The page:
The Plantagenet period was dominated by three major conflicts at home and abroad.
Edward I attempted to create a British empire dominated by England, conquering Wales and pronouncing his eldest son Prince of Wales, and then attacking Scotland. Scotland was to remain elusive and retain its independence until late in the reign of the Stuart kings.
In the reign of Edward III the Hundred Years War began, a struggle between England and France. At the end of the Plantagenet period, the reign of Richard II saw the beginning of the long period of civil feuding known as the War of the Roses. For the next century, the crown would be disputed by two conflicting family strands, the Lancastrians and the Yorkists.
The period also saw the development of new social institutions and a distinctive English culture. Parliament emerged and grew, while the judicial reforms begun in the reign of Henry II were continued and completed by Edward I.
Culture began to flourish. Three Plantagenet kings were patrons of Geoffrey Chaucer, the father of English poetry. During the early part of the period, the architectural style of the Normans gave way to the Gothic, with surviving examples including Salisbury Cathedral. Westminster Abbey was rebuilt and the majority of English cathedrals remodelled. Franciscan and Dominican orders began to be established in England, while the universities of Oxford and Cambridge had their origins in this period.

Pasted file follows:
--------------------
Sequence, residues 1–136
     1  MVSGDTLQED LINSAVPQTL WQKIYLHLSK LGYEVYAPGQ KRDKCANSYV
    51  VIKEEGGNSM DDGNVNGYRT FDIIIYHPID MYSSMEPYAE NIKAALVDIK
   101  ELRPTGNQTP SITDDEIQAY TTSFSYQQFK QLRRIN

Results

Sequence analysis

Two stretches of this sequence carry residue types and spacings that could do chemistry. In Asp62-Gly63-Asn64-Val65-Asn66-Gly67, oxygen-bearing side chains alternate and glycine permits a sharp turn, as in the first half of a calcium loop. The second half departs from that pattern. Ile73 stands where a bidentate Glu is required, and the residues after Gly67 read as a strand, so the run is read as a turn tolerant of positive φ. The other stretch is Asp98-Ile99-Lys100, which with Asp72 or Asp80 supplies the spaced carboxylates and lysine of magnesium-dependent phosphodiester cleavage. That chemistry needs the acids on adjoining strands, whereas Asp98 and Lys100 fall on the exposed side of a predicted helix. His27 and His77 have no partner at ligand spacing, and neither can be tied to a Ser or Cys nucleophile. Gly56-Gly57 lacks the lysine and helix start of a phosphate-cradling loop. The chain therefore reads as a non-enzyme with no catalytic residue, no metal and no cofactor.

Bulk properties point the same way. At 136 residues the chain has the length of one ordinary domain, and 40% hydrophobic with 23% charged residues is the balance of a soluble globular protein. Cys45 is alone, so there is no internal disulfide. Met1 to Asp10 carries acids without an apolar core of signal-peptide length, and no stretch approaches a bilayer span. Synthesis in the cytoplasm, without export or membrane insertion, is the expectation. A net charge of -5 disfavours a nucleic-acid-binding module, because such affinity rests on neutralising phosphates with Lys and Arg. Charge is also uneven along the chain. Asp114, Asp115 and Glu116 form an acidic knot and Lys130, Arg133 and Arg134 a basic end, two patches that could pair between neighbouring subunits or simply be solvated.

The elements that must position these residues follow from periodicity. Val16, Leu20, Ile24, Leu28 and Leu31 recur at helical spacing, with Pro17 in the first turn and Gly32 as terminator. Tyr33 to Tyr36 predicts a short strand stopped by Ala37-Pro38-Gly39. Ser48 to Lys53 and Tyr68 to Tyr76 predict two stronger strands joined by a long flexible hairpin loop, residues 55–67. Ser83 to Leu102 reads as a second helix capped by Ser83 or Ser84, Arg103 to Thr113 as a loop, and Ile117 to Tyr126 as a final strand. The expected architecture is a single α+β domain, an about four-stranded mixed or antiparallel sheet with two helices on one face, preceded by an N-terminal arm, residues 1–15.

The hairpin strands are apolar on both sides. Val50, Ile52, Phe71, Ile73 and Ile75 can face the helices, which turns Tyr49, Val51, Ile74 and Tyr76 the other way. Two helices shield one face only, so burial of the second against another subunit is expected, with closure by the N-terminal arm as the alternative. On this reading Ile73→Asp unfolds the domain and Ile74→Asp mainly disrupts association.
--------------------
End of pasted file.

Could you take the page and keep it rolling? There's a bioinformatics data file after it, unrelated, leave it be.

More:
Amidst the order of learning and art, however, were disturbing new phenomena. The outbreak of Bubonic plague or the 'Black Death' served to undermine military campaigns and cause huge social turbulence, killing half the country's population.
The price rises and labour shortage which resulted led to social unrest, culminating in the Peasants' Revolt in 1381.